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Recent Employment Law Changes in Ontario: The Working for Workers Act, 2021

5 minute read

On October 25, 2021, the Ontario government announced that it would be introducing Bill 27 or the Working for Workers Act, 2021, (the “Bill 27”) which legislated a number of changes that impacted man provincially regulated employers. A summarized list of the proposed changes can be found on the government’s website. In this article, we have summarized two important changes brought about by Bill 27.

No More Non-Compete Agreements…sort of.

While non-compete agreements are notoriously difficult to enforce (i.e. they are presumptively unenforceable), the government has made the decision to implement an outright ban on the use of non-competes for all provincially regulated employers. To most employment lawyers, this does not represent a drastic change. Non-compete agreements were extremely difficult to enforce, even prior to this outright ban, and they attracted a very high degree of judicial scrutiny. In most situations where they were implemented, they were, in truth, probably utilized for their “chilling effect”; many employees would be unlikely to dispute the enforceability of a non-compete, as they were probably unaware that they are extremely difficult to enforce. Even still, the Ontario government decided to remove all doubt about the issue by implementing an outright ban (sort of, see below). Importantly, it should be noted that the reprisal provisions under the Employment Standards Act, 2000 (“ESA”) will apply, meaning that an employer cannot punish an employee in any way for refusing to sign a non-compete agreement.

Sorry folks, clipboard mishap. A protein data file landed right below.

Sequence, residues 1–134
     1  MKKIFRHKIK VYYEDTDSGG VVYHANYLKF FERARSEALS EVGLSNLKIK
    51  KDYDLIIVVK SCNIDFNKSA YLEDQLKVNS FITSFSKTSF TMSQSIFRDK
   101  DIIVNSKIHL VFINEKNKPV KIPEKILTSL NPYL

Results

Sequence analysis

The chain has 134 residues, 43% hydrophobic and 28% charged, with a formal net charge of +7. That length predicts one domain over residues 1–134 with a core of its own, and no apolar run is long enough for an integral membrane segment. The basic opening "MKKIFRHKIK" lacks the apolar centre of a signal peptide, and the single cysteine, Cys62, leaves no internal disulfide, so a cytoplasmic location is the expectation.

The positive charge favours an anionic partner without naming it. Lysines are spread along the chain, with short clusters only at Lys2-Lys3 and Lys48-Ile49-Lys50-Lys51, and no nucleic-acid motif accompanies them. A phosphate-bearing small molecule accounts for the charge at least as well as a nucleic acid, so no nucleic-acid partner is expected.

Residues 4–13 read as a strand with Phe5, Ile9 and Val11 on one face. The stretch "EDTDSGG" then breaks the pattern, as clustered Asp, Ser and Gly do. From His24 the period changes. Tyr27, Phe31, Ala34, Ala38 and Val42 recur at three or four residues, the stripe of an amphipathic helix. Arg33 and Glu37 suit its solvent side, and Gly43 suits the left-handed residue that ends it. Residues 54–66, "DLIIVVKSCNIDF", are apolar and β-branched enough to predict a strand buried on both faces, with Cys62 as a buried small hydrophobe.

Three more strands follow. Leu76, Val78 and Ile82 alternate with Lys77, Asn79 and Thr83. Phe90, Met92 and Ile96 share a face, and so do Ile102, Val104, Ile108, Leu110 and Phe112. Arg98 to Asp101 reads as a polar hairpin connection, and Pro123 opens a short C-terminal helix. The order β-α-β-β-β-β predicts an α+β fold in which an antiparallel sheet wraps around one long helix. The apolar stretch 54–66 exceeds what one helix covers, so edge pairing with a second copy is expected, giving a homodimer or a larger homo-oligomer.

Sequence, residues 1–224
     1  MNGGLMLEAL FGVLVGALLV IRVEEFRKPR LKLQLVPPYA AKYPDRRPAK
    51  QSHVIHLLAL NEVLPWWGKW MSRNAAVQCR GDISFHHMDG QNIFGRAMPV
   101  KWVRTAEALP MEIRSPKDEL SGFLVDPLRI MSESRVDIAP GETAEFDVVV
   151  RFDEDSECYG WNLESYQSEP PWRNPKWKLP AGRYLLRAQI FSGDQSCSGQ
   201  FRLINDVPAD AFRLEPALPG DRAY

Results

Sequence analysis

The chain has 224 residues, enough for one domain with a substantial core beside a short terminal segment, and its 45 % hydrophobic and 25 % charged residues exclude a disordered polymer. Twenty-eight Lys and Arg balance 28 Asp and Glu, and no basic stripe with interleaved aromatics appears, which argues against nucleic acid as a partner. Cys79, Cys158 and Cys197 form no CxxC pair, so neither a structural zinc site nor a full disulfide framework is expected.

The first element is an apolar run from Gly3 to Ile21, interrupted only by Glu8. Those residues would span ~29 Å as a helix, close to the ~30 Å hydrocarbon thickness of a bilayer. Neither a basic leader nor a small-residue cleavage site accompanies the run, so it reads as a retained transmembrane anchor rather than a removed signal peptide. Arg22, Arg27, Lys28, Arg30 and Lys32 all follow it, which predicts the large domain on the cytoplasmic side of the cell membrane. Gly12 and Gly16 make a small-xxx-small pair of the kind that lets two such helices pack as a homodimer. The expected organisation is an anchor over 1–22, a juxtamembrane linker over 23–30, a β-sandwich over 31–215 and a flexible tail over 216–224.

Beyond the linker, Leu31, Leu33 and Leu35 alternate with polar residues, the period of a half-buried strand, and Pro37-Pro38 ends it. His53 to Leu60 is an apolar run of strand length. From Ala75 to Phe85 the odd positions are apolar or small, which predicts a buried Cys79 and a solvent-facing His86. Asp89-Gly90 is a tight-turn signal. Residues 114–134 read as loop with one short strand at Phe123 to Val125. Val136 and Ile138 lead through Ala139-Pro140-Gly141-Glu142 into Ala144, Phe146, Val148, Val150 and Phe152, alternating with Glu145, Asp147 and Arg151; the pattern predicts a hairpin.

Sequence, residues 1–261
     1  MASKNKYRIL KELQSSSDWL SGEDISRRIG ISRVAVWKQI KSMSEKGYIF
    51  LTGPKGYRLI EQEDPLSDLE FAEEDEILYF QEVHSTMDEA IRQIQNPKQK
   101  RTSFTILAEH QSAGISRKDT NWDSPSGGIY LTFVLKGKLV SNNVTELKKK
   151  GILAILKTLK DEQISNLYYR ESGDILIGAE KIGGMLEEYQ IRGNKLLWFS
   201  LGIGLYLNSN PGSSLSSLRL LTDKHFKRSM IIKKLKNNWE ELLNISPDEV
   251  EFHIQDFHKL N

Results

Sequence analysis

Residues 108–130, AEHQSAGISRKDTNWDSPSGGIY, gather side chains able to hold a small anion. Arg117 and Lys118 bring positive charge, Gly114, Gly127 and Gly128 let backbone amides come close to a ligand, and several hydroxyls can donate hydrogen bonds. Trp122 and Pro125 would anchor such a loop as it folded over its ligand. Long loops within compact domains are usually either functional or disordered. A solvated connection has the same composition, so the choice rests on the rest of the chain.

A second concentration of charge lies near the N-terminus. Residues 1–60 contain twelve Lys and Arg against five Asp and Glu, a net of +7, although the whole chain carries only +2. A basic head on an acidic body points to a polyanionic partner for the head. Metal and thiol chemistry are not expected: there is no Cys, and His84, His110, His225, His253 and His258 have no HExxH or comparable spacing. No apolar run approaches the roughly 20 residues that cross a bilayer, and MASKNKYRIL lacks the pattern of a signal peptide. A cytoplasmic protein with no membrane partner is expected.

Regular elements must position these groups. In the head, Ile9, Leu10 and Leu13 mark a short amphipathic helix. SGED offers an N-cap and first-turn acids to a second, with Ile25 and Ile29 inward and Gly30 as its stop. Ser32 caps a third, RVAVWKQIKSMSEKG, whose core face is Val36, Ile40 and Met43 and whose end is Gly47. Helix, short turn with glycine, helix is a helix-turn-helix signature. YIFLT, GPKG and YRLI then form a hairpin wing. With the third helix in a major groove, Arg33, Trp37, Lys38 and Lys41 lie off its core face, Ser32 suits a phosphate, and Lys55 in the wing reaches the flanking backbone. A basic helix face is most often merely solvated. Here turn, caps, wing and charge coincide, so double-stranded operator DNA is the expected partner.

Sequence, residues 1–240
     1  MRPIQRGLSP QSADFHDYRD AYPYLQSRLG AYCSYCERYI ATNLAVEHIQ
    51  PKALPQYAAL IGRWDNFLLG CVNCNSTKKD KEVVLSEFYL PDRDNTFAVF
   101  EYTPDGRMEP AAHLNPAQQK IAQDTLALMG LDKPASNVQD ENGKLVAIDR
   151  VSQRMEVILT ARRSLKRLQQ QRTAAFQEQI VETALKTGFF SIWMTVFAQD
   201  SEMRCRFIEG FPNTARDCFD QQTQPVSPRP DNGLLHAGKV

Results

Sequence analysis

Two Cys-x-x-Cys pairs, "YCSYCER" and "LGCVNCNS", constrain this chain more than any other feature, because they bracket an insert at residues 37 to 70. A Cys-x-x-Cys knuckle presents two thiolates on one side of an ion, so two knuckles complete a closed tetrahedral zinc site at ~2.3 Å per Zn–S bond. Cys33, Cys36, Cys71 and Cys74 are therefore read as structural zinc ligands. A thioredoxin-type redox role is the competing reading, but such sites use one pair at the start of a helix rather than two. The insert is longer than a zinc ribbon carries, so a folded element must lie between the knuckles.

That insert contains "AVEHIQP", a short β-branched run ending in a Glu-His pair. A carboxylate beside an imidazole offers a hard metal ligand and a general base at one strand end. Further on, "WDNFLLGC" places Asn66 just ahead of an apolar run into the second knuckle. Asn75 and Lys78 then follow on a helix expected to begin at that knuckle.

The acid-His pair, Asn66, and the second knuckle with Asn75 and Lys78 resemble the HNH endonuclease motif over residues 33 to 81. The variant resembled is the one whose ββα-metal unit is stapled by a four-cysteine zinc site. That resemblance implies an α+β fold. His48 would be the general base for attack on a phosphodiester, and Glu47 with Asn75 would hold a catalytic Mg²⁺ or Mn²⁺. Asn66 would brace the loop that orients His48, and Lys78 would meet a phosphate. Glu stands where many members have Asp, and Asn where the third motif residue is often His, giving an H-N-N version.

The ban is explicitly subject to two very important exceptions. First, Bill 27 indicates that if there is a sale of a business or part of a business, and, as a part of the sale, the purchaser and seller enter into an agreement that prohibits the seller from engaging in any business, work, occupation, profession, project or other activity that is in competition with the purchaser’s business after the sale and, immediately following the sale, the seller becomes an employee of the purchaser, the ban will not apply. Obviously, this will be important for any person planning on selling or purchasing a business. Second, the ban will not apply to an “executive”. Under the new amendments to the ESA, an executive means “any person who holds the office of chief executive officer, president, chief administrative officer, chief operating officer, chief financial officer, chief information officer, chief legal officer, chief human resources officer or chief corporate development officer, or holds any other chief executive position”. As a result, principals of a business that you may be purchasing would be exempted from this ban, if they were an “executive” as defined above. Nonetheless, if you are planning on purchasing a business in the future, and would like to implement a non-compete, you should seek out legal advice to ensure that the principal of the business you are purchasing is caught under one or both of these exemptions.